Monday, 19 May 2014

Necessity Of Prayer For All Adults In Order to Attain Eternal Life, pt. 1. By The Very Rev. John Baptist Pagani.

The Virgin in Prayer

IT is an undoubted truth, supported by the doctrine of the Saints, and confirmed by constant experience, that the good or bad conduct of Christians depends almost entirely upon the manner in which they perform the holy duty of prayer. 'He who knows how to pray well,' says St. Augustine, 'knows also how to live well.' And St. John Climachus relates, that he heard a great servant of God say, that from the manner in which he performed his morning prayer, he knew with perfect clearness how the rest of the day would be passed. The same thing is also asserted by St. Bonaventure, who says, that without prayer 'religion is dry, imperfect, and nearly lost.'

It is, therefore, of the highest importance that every Christian should be well instructed in the duty of prayer, that he may learn how to lead a life worthy of his holy vocation, and secure the salvation of his soul.

ARTICLE I.

NECESSITY OF PRAYER FOR ALL ADULTS IN ORDER TO ATTAIN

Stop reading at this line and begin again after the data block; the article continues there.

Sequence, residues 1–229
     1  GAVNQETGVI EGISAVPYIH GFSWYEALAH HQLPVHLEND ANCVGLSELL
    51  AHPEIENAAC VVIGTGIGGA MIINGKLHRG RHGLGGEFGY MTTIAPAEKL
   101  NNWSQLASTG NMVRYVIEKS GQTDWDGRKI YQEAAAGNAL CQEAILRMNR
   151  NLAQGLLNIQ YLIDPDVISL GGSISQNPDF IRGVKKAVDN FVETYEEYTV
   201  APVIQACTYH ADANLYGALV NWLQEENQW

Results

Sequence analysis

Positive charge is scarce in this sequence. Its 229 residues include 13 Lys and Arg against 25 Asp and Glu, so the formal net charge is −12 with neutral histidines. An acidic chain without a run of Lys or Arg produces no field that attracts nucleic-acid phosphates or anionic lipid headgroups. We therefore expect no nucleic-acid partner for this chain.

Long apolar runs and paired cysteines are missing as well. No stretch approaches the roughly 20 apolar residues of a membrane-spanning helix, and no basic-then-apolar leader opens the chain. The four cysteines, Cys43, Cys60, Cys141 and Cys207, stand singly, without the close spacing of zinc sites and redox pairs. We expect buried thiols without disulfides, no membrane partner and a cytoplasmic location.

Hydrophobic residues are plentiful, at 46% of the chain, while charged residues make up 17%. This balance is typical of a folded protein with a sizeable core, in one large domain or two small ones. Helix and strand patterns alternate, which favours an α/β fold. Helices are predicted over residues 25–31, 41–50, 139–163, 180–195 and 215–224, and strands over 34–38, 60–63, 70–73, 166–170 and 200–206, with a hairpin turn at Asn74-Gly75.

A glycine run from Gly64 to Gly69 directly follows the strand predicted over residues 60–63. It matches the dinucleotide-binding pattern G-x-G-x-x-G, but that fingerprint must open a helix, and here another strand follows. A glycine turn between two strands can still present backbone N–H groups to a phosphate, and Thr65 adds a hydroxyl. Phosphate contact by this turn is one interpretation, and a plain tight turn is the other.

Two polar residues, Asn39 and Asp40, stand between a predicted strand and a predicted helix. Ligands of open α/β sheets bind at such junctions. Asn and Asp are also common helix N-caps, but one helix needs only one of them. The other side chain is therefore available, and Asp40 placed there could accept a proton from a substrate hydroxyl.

TO ETERNAL LIFE.

SECTION I.
Necessity of prayer for all Christians in general
.

It is of faith that man, without the grace of God, cannot do the least thing towards his eternal salvation. In the natural order, man can by his natural faculties and powers acquire a certain proficiency, and even arrive at some degree of perfection; but not so in the supernatural order; for every thing bearing reference to eternal life is above his natural power, and consequently requires the aid of Divine grace. The Pelagians of old asserted that man did not stand in need of the helping grace of God to practise Christian virtues, and to acquire merit for eternal life; but this error was triumphantly confuted by St. Augustine, and they were consequently condemned as heretics by the Church. But notwithstanding this, the Semi-Pelagians arose soon after, maintaining that man could at least make an act of faith, take the first step towards his eternal salvation by his own natural strength, unaided by Divine grace; but they, like the former, were immediately condemned by the holy Church, and the grace of God was pronounced to be absolutely necessary towards the performance of every, even the least action, in order that it may become worthy of eternal reward. "Without Me," says our blessed Lord, " you can do nothing." 'Let the action be ever so insignificant,' remarks St. Augustine on this passage, 'it is impossible to perform it without the help of Him, without whom nothing can be done.'